Mid-term, this initiative will seek the creation of public-private partnerships that combine support from national and international health and energy budgets with private-sector investment. Engagement of utilities will be critical to help craft and deliver the solutions appropriate to each circumstance, working closely with stakeholders across the healthcare spectrum to identify sustainable business models.

Long-term, this initiative will be scaled up to deliver the benefits of universal access to modern energy services in health facilities. This will save lives and improve health outcomes for women and their families, improve performance at facilities ranging from local clinics to district health centers to larger hospitals, and equip health-care workers with energy-dependent solutions that are well maintained over time.

Some of the deliverables of this high-impact opportunity include:

  • Mapping the market: Understand the existing gap in access to energy-dependent health care services (both for prevention and treatment).
  • Securing evidence for guiding intervention design: Engage the health sector in assessing the gap in energy-related services critical to women’s health.
  • Supply chains and maintenance: Develop public-private partnerships to encourage good design and mobilize financing for installation.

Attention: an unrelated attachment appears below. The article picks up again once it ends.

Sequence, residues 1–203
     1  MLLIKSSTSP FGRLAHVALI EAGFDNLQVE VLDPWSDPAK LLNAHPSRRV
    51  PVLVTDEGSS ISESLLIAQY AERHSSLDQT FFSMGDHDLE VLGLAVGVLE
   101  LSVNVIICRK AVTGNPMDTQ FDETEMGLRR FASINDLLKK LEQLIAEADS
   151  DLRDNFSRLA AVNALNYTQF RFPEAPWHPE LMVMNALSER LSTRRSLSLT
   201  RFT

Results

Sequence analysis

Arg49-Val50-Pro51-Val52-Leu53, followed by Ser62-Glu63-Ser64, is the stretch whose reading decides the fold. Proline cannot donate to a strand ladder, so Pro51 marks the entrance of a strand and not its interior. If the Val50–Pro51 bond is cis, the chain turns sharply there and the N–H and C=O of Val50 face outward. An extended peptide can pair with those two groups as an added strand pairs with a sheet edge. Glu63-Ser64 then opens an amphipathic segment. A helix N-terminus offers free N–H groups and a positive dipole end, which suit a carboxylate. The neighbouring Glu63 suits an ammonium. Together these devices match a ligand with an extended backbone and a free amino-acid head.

• Building local and national capacity: Establish appropriate system design, maintenance and repair requirements to train local electricians, mechanics and engineers.
  • Advocacy and media: Mobilize public/private energy sector linkages with the health sector and catalyze support and action for identified policies/investments to close the energy gap in healthcare, as well as catalyzing sustainable energy service installations in medical clinics.

Sustainable Energy for All’s Value Add:

  • Provide a unique opportunity to address the nexus between energy and women’s health in a tangible, scalable, sustainable way through a concerted multi-stakeholder effort. Solutions are available that touch on all three objectives of the initiative – universal access to modern energy services, increased use of renewable energy, and improved energy efficiency.
  • Prioritize an inter-ministerial approach, particularly involving the ministries of health, energy, women’s affairs, and finance, to advocate for the inclusion of specific energy and women’s health targets within national energy plans and to channel government action. This provides support to countries that have chosen to pursue Sustainable Energy for All’s objectives.
  • Stimulate economic growth and provide business opportunities for sustainable energy services within health facilities globally. For example, for energy innovators, health care represents a large customer base with substantial purchasing power that can accelerate the deployment of sustainable energy technologies.

Highlights of High Impact Initiatives:

The United Nations Foundation, the World Health Organization and UN Women are co-leading and developing this High-Impact Opportunity and reaching out to a number of partners to solidify supporting initiatives.

For more information on this HIO, please contact:
Richenda Van Leeuwen, Co-Lead, United Nations Foundation, rvanleeuwen@unfoundation.org
Dr. Carlos Dora, World Health Organization, dorac@who.int
Tacko Ndiaye, UN Women, tacko.ndiaye@unwomen.org